He’s been one of the most polarizing figures in Israeli politics, a hawkish West Bank settler who once told an Egyptian president to “go to hell” and wanted Arab citizens to sign loyalty oaths.
Now Avigdor Liberman, the blunt-talking former bouncer who engineered Benjamin Netanyahu’s first electoral victory in 1996, has brought the prime minister to his knees. The former defense and foreign minister rejected any compromise on his proposed bill to draft more ultra-Orthodox Jewish men into the military, blocking Netanyahu’s efforts to form his fifth government. Instead, the Knesset voted early Thursday to disband and send Israelis back to the ballot box in September.
Liberman, who grew up in Moldova and still speaks with a heavy Russian accent, said his Yisrael Beitenu party “won’t be partners in a government run according to Jewish religious law.” He dismissed Netanyahu’s claims that he is to blame for the political turmoil.
Liberman has aspirations to replace Netanyahu one day, and right now, he’s trying to set the agenda by tapping into resentment over military exemptions for ultra-Orthodox men, and stipends the government pays them to pursue religious study, said Yonatan Freeman, a political science lecturer at Hebrew University of Jerusalem.
“He can get tons of votes both from the left and the right” with that message, Freeman said.
Liberman is a veteran of Netanyahu’s Likud party who bolted to form Yisrael Beitenu in 1999, and the two have had a turbulent history of breakups and reconciliations. His party originally catered to the nearly 1 million Russians who emigrated to Israel after the collapse of the Soviet Union, but Liberman increasingly competes for right-wing votes with Netanyahu himself.
The party won as many as 15 of parliament’s 120 seats in 2009, then saw its appeal dwindle as Russian immigrants integrated deeper into Israeli society. In April’s election the party won just five seats, but Liberman demonstrated Wednesday that he remains a force to be reckoned with: Without him, Netanyahu didn’t have a majority government.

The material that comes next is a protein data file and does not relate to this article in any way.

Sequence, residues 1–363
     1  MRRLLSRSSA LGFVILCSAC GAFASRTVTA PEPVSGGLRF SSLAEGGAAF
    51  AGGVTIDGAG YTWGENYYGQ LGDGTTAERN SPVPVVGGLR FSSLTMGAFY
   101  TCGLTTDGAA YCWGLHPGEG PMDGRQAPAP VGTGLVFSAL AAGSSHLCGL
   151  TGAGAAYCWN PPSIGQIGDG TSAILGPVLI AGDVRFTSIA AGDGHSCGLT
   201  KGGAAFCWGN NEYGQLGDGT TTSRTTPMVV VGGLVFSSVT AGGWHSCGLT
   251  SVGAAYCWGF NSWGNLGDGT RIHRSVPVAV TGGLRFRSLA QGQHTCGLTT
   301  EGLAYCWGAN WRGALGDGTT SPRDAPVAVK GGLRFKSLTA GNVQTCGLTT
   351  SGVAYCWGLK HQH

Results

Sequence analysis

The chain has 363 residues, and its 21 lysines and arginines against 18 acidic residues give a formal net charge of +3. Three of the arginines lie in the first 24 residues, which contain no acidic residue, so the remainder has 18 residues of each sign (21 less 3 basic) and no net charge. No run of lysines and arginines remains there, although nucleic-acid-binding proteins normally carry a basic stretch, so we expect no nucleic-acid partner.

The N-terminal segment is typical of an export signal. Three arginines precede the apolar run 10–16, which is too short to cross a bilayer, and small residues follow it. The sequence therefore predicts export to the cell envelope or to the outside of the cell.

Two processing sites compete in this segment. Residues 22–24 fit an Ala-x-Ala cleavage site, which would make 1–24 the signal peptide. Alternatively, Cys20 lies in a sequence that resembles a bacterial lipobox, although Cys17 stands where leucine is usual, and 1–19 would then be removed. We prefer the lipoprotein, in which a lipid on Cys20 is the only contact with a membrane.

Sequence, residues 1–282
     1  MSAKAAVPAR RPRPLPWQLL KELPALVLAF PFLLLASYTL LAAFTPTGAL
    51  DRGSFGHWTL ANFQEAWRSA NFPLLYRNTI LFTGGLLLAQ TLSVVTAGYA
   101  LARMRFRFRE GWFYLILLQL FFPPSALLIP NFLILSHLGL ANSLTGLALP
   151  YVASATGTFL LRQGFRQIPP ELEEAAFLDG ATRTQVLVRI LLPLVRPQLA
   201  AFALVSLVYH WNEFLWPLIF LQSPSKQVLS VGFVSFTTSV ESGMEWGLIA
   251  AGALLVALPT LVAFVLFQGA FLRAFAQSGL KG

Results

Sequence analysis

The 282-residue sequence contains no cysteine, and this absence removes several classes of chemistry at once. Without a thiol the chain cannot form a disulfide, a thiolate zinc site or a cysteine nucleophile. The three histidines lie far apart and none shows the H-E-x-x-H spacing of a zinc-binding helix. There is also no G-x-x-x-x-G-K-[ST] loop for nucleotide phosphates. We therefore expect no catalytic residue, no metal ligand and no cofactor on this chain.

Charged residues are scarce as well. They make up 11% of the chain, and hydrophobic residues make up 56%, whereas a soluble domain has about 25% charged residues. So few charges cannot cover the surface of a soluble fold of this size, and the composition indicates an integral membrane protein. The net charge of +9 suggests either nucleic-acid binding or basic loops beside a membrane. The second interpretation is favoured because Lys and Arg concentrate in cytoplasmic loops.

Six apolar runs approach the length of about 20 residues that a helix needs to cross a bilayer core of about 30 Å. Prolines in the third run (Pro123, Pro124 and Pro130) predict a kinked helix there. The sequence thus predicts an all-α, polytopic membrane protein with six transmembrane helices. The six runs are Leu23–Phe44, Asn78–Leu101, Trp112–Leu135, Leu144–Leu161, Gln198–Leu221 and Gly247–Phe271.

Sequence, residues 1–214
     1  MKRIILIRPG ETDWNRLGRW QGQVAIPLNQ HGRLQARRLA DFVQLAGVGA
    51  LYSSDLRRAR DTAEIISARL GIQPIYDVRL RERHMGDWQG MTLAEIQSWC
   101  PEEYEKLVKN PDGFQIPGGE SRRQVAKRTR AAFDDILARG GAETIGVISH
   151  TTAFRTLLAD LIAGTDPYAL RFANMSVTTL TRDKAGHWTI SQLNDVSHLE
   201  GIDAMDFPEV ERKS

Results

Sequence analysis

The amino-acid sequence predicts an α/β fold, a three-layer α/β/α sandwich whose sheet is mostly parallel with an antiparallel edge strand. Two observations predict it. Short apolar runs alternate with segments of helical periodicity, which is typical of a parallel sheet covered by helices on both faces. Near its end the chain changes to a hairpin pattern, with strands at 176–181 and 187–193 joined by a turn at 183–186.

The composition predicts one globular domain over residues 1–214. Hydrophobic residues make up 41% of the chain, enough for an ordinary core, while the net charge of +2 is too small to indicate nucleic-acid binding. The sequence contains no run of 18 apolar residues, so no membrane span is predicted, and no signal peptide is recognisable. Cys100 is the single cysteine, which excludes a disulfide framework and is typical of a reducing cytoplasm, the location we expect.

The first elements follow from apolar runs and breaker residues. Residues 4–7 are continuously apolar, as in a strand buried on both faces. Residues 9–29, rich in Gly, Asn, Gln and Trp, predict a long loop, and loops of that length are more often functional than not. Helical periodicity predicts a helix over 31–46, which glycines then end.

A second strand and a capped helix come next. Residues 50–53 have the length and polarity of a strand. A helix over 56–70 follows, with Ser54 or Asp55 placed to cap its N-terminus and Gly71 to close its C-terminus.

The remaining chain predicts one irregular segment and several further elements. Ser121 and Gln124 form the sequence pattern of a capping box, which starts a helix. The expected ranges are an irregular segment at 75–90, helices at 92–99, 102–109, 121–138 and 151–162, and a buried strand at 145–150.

It’s not only his faceoff with the ultra-Orthodox that has gained Liberman notoriety.
Although he’s moderated his rhetoric in recent years, in the past he said Israeli Arab lawmakers who met with the Gaza Strip’s Hamas leaders — whom Israel considers terrorists — should be executed. He’s also proposed redrawing Israel’s borders to put Arab communities under Palestinian control.
Liberman also takes a dim view of Palestinian Authority President Mahmoud Abbas, saying “everything he does is pure diplomatic terror” and dismissing him as “not a partner for anything.”
Accusing Israeli Arabs of disloyalty, Liberman unsuccessfully demanded that all Israeli citizens take a loyalty oath. In 2008 he said Egypt’s then-president Hosni Mubarak could “go to hell” because he refused to visit Israel despite the countries’ peace treaty.
Signs of Pragmatism But there are also glimmers of pragmatism. He has served in centrist Israeli governments, including Netanyahu’s most recent coalition, which he resigned to protest policies he considered too soft on Hamas. As defense minister under Netanyahu, he didn’t follow a precept he once prescribed: reoccupying Gaza to halt rocket attacks from the territory.
“He has always been a tough talker, but in the day-to-day he was pretty pragmatic,” Hebrew University political science professor Gideon Rahat said. “On the one hand he’s right and pro-settlement, but at one time at least, he had a program that included territorial swaps and some territorial concessions. He’s a mix of hawk and pragmatic.”
As September elections loom, Liberman is portraying himself as more hawkish than Netanyahu. He’s also trying to draw back Russian-speaking voters who strayed from his party but resent the ultra-Orthodox rabbinate because they’re not Jewish according to religious law, said Professor Asher Maoz, dean of the law school at the Peres Academic Center.
“I imagine he figures he’ll do better in the next election,” Maoz said. “He’s riding the anti-ultra-Orthodox hobby horse to win secular voters, and maybe bring back Russians.”